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Return flights serving food stocked from India will save ₹49 crore annually
2 min read.Updated: 28 Jan 2019, 08:15 PM ISTPTI
Air India spends around ₹600 crore to ₹800 crore annually on catering costs and it plans to cut down on this expenditure
Air India would be able to save ₹17 crore per year through "return catering" on Stockholm-Delhi and Copenhagen-Delhi routes
NEW DELHI :
Air India has started serving food stocked from India on 11 return flights from eight foreign cities, and it plans to save around ₹49 crore annually through this measure, a senior official said Monday.
The 11 return flights are Copenhagen-Delhi, Stockholm-Delhi, Birmingham-Amritsar, Birmingham-Delhi, Vienna-Delhi, Madrid-Delhi, Singapore-Delhi, Singapore-Mumbai, Bangkok-Delhi, Bangkok-Mumbai and Shanghai-Delhi, the Air India official told PTI.
"When the aircraft departs from here (India), the food is stocked in chillers to keep it fresh. So, when the aircraft is returning from a foreign city to an Indian city, this food is served to customers," the official said, assuring that it remains "fresh and tasty".
"According to our estimates, we will be able to save ₹48.97 crore annually on catering costs on these 11 return flights," the official said, adding that the national carrier is planning to replicate the measure on "all flights where it is feasible to do 'return catering'".
Air India spends around ₹600 crore to ₹800 crore annually on catering costs and it plans to cut down on this expenditure.
The official told PTI that according to the airline's estimates, it would be able to save ₹17 crore per year through "return catering" on Stockholm-Delhi and Copenhagen-Delhi routes.
"Through 'return catering', we will be able to save ₹19 crore on Singapore-Bombay and Singapore-Delhi flights. On Shanghai-Delhi flight, we will save ₹1.94 crore per year. On Vienna to Delhi flight, we will save ₹4.38 crore per year," the official said.
"On Birmingham-Delhi and Birmingham-Mumbai flights, we plan to save ₹4.17 crore. On Bangkok-Delhi and Bangkok-Mumbai flights, around ₹1.87 crore will be saved," he said.
However, on Madrid-Delhi flight, the airline is estimated to save only ₹61 lakh annually through "return catering".
Air India did not respond to the queries sent by PTI.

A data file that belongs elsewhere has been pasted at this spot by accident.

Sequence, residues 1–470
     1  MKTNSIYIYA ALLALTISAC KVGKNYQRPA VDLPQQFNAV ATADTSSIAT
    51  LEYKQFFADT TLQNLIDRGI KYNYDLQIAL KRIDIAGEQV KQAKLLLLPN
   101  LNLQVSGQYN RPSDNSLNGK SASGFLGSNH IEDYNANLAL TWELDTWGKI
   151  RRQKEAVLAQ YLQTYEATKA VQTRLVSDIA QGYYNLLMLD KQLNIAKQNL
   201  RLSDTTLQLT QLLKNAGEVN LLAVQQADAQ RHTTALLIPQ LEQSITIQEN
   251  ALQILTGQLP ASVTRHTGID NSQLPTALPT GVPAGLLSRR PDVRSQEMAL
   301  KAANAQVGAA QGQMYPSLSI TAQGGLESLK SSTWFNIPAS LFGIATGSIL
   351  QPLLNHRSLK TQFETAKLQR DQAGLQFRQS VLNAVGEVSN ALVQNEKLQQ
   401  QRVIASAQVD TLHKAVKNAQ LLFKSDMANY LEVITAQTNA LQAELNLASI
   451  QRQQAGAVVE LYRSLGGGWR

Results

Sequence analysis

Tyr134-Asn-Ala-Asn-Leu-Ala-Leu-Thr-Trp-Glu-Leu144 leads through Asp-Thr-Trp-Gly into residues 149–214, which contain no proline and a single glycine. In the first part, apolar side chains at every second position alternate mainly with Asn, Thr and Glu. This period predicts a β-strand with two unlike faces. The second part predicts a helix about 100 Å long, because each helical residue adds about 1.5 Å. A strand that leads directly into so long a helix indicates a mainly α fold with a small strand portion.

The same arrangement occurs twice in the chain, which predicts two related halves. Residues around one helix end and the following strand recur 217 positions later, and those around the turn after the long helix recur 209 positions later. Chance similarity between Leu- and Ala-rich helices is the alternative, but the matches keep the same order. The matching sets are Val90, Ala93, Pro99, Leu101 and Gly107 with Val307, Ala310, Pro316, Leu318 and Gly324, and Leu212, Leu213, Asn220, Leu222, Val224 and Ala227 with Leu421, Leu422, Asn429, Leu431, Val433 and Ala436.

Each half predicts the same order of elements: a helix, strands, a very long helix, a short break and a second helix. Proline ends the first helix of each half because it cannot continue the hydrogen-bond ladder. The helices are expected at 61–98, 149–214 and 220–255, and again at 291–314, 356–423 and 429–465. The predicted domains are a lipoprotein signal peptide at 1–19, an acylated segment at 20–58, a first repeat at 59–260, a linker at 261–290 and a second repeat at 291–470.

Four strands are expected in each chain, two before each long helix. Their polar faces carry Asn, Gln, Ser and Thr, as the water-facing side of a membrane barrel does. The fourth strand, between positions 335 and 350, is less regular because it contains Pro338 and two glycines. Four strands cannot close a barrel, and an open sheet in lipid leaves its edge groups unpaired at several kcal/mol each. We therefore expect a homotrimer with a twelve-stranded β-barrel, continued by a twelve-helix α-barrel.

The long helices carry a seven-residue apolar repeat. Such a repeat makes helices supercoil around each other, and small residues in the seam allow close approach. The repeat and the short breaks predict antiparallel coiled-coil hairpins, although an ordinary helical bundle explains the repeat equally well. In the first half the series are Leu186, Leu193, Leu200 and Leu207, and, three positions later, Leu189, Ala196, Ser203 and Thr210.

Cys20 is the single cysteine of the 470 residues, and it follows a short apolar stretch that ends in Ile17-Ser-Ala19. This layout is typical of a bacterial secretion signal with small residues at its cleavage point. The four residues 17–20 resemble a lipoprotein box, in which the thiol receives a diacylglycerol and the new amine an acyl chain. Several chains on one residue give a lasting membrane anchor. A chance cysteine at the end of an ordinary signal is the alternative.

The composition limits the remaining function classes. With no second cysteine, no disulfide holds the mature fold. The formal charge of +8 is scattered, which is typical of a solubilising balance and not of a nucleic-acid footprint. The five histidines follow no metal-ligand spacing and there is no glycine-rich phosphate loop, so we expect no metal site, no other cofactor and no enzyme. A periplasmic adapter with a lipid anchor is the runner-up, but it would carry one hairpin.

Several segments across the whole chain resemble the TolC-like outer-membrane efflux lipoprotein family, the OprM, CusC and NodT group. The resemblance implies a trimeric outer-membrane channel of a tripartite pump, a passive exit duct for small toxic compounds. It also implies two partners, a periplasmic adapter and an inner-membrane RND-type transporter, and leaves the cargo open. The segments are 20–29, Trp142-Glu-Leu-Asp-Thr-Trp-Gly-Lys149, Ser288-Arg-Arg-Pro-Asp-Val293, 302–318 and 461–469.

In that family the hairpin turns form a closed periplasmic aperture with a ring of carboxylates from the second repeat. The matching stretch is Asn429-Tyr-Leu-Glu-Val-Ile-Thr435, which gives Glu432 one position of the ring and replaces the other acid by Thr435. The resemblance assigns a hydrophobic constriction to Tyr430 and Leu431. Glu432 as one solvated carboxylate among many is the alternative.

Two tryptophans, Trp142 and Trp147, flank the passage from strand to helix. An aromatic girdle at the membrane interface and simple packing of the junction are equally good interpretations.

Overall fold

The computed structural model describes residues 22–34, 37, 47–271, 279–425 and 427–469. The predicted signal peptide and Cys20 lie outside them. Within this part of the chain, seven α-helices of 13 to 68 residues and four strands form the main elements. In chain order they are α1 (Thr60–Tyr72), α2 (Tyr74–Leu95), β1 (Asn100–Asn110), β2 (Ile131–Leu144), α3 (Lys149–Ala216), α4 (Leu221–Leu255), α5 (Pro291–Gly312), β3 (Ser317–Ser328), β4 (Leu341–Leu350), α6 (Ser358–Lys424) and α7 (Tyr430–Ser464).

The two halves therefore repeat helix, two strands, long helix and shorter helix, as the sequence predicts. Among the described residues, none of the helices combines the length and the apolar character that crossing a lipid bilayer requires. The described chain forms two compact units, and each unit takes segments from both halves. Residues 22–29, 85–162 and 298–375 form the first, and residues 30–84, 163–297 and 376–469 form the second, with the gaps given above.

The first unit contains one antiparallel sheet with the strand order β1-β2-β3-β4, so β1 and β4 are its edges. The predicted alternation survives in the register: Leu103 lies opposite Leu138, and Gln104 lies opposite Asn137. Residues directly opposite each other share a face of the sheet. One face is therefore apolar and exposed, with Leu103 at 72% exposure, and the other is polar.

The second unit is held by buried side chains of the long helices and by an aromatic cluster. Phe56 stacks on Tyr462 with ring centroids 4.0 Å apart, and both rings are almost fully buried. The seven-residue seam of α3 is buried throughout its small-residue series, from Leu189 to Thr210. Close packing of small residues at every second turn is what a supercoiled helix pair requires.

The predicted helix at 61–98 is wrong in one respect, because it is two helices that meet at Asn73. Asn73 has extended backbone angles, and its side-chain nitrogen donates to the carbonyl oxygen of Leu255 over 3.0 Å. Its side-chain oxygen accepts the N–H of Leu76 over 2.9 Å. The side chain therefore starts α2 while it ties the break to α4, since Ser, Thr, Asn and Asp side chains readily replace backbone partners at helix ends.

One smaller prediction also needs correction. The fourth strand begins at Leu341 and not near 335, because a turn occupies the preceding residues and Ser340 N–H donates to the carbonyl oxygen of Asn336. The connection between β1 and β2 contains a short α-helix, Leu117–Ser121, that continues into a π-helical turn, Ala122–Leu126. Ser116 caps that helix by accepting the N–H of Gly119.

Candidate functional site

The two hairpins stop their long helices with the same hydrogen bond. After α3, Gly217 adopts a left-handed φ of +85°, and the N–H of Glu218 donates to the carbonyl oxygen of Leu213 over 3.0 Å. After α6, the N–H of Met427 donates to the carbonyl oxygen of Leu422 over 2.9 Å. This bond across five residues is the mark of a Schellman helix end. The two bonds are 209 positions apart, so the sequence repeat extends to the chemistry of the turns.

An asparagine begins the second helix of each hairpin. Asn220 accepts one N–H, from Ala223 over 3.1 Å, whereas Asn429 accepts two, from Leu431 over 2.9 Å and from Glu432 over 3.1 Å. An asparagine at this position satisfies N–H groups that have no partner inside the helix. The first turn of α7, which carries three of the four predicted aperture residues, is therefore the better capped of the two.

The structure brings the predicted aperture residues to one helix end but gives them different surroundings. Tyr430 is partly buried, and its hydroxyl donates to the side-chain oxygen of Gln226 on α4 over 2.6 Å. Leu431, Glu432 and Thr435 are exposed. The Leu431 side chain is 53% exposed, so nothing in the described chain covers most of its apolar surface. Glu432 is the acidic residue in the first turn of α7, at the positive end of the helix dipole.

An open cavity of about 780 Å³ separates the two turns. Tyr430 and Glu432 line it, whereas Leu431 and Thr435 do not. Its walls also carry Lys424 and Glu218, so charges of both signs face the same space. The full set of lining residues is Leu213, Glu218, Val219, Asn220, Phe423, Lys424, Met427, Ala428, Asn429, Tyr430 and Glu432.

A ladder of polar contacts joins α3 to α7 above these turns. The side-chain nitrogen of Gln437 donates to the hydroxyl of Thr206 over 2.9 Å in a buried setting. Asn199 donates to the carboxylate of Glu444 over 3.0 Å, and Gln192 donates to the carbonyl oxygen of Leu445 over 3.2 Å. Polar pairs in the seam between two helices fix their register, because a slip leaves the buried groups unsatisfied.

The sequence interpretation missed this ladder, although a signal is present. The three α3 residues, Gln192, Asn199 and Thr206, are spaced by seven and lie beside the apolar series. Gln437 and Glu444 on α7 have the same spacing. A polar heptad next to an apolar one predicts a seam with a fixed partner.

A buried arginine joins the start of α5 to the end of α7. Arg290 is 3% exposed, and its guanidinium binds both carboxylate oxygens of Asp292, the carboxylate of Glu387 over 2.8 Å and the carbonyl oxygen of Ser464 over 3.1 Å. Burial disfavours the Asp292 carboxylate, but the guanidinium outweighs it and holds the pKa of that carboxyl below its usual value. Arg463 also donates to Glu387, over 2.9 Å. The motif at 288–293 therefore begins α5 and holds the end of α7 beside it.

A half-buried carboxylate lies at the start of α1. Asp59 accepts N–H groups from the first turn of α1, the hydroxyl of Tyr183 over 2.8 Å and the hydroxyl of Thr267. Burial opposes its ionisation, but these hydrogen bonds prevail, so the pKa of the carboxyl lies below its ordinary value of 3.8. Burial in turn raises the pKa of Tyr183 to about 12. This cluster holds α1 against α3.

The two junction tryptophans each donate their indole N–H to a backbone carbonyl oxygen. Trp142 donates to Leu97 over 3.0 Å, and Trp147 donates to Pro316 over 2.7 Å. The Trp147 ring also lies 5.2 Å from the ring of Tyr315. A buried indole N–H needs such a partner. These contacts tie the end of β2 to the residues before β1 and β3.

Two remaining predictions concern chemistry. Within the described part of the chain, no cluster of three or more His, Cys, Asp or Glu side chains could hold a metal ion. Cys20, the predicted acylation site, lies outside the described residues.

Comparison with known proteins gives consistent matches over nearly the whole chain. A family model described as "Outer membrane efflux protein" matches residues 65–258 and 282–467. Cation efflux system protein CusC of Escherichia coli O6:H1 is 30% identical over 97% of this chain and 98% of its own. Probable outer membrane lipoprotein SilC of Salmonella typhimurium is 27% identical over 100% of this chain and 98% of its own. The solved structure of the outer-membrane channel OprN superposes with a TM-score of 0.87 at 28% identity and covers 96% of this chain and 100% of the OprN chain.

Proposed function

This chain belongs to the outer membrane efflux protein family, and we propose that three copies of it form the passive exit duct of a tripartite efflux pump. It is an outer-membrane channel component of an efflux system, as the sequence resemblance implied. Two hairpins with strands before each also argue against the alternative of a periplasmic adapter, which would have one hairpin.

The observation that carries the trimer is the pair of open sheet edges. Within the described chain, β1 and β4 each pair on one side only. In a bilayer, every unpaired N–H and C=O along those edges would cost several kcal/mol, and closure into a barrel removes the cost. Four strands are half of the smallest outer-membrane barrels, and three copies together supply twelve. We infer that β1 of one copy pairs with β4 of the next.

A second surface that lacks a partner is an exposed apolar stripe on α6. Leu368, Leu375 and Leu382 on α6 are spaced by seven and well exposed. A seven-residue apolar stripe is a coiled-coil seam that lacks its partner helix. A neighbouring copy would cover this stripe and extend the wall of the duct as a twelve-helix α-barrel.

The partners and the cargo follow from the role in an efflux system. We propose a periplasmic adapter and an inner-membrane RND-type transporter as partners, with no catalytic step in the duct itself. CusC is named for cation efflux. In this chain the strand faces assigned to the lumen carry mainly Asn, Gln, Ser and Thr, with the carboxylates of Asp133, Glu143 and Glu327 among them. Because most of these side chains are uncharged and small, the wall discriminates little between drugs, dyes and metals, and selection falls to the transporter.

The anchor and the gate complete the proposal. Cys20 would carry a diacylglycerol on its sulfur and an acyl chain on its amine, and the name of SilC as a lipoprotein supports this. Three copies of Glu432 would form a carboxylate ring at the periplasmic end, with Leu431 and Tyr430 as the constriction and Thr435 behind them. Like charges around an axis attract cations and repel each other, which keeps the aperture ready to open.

On January 9, Air India's Chairman and Managing Director Pradeep Singh Kharola had announced that the airline had started carrying food from India for use during the return journey, in an attempt to rationalise catering costs on international flights.
"The food is taken from here in India in chillers and then it is heated whenever it has to be used...Catering costs for us are around ₹600 crore to ₹800 crore a year. Catering in India is 3-4 times cheaper as compared to catering in the West," he had said on January 9.
On January 12, Air India issued a statement on Twitter clarifying that any misgiving about the in-flight food is "unfounded" as it stays fresh in chillers on-board. The airline said that it "ensures strict compliance to quality checks at every step of its in-flight catering right from its flight kitchen".
Air India is estimated to have a debt burden of more than ₹48,000 crore and the government's efforts for strategic disinvestment of the flag carrier failed in May last year. It has been making losses since the merger with Indian Airlines in 2007.
High interest burden, increasing competition, high airport user charges, adverse impact of exchange rate variation and liberalised bilaterals to foreign carriers leading to excess capacity in the market are among the reasons for the losses, according to the civil aviation ministry.
This story has been published from a wire agency feed without modifications to the text. Only the headline has been changed.